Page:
Captain Spaulding, the noted explorer, returns from Africa and attends a gala party held by Mrs. Rittenhouse. A painting displayed at that party is stolen, and the Marxes help recover it. Well, maybe 'help' isn't quite the word I was looking for--this is the Marx Brothers, after all... Written by
Ken Yousten <email@example.com>
Animal Crackers (1930) did not appear on television until fifty years after its release. When it finally did reach the small screen, it was via a prime-time broadcast on the CBS network in summer 1980. See more »
In the opening credits, the first name of Groucho's character, Captain Spaulding, is spelled "Jeffrey". Moments later in newspaper clip, his first name is spelled "Geoffrey." See more »
For many years, ANIMAL CRACKERS was a "lost" film. Paramount owned the audio, and Universal owned the Visual elements (It may of been vice-versa) During the re-birth of Marx Brother popularity, ANIMAL CRACKERS mad it's way back into theatres in the Fall of 1974.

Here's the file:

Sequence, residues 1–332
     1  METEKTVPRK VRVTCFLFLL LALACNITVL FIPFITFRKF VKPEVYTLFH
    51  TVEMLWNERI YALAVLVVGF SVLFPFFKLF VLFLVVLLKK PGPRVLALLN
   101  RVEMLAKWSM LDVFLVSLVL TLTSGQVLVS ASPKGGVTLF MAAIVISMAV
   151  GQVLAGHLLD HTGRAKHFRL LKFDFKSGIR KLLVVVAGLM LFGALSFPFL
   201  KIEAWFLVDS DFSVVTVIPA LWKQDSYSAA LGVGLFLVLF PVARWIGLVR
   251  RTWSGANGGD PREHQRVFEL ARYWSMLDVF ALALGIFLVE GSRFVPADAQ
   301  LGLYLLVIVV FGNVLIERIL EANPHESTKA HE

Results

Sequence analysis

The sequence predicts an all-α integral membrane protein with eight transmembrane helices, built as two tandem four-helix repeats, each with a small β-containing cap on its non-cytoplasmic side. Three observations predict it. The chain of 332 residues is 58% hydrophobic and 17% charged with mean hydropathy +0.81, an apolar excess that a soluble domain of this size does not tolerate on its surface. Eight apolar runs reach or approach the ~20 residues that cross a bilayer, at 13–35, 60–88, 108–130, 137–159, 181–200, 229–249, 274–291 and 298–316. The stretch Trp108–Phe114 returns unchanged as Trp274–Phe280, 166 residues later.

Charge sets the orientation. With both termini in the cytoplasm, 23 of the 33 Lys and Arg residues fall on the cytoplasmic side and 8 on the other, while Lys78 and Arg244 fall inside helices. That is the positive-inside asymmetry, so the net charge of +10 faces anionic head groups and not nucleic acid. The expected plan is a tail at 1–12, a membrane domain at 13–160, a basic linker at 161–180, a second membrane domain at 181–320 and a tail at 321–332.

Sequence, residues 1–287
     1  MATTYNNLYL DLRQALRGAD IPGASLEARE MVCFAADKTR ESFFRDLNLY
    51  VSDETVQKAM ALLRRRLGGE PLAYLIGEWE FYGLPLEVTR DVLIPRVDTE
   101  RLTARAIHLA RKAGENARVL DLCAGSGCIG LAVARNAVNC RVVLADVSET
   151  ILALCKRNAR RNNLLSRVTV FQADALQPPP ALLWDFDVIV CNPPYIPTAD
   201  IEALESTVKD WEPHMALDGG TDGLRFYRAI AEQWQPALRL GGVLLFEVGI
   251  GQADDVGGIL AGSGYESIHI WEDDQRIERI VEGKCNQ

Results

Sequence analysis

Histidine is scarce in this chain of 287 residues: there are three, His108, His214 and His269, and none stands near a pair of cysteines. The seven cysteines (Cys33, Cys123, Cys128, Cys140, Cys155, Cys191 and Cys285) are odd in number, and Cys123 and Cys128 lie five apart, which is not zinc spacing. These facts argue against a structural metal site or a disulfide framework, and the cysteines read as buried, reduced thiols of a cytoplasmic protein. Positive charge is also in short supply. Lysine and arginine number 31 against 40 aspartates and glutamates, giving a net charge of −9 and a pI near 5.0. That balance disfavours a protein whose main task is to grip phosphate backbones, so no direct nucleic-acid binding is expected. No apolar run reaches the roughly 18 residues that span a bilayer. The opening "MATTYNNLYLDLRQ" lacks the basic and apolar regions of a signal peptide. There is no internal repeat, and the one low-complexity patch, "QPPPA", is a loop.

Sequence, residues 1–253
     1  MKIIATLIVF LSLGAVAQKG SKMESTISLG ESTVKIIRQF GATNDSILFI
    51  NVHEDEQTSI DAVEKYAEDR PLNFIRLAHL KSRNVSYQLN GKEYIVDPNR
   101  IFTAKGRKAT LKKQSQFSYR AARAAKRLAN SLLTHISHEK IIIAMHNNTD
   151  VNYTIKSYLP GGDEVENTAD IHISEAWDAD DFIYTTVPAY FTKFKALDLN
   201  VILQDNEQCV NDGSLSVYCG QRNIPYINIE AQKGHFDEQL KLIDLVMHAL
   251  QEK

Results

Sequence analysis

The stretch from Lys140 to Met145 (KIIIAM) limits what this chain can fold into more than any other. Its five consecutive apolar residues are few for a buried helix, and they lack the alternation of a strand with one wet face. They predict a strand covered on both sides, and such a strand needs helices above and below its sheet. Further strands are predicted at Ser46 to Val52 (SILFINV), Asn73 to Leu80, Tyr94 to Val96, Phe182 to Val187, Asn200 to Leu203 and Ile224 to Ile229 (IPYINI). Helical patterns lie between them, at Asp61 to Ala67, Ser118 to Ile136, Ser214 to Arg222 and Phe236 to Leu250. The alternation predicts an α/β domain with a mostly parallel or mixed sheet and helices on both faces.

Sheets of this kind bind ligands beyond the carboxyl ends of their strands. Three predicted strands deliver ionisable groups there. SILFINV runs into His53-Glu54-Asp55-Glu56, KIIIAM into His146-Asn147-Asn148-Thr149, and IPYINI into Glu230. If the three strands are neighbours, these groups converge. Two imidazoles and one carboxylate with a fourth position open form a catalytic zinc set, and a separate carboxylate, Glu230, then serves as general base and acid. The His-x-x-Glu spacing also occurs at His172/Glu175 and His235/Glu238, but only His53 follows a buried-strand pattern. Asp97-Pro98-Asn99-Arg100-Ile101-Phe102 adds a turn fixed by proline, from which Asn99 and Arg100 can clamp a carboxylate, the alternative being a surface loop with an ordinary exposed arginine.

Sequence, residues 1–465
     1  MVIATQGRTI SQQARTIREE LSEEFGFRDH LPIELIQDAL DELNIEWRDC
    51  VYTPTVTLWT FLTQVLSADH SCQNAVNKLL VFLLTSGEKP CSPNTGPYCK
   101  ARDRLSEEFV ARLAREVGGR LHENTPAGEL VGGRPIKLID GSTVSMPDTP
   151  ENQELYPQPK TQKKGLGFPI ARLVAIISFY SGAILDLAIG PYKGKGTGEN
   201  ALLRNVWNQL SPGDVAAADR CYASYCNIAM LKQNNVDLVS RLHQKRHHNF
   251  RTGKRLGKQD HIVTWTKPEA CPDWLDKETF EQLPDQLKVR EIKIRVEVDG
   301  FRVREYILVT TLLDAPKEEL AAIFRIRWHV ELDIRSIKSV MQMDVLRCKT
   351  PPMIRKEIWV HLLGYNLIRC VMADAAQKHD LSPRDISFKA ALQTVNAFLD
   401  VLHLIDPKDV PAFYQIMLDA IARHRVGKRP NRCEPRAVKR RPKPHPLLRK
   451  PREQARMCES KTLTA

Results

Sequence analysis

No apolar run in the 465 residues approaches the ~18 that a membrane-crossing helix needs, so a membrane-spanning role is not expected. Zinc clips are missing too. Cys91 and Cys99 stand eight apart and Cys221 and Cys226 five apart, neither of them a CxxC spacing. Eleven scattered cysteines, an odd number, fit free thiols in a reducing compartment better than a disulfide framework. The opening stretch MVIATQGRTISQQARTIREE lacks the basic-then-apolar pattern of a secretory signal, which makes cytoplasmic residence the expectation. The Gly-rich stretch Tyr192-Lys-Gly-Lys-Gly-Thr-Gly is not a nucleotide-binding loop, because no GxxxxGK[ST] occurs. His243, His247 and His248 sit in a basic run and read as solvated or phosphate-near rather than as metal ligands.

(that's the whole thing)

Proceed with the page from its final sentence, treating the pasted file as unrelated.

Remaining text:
It was a thrill to see the movie in a theatre (the best place to see a classic comedy). The plot concerns a wild, out of control explorer's (Groucho Marx) visit to a Long Island estate. He comes across stuffy snobs and a questionable musician for hire (Chico Marx and his lunatic partner, Harpo.) Groucho's dialog is superb. His verbal assaults on stuffed shirts are priceless "It's not safe to ask this man a simple question" Groucho says to the audience when he talks to a pompous "art critic".
Chico and Harpo provide the more manic visual antics, especially when they steal the birth mark of above mentioned art critic. Even straight man Zeppo gets to be funny and silly.
The only real problem with the film is well voiced in critic's Richard Anobile's review "This is a RECORDING of a stage play. The camera barely moves. it just sits there and records the Marx Brothers" Still in all, see ANIMAL CRACKERS to enjoy the joy of Marx mayhem
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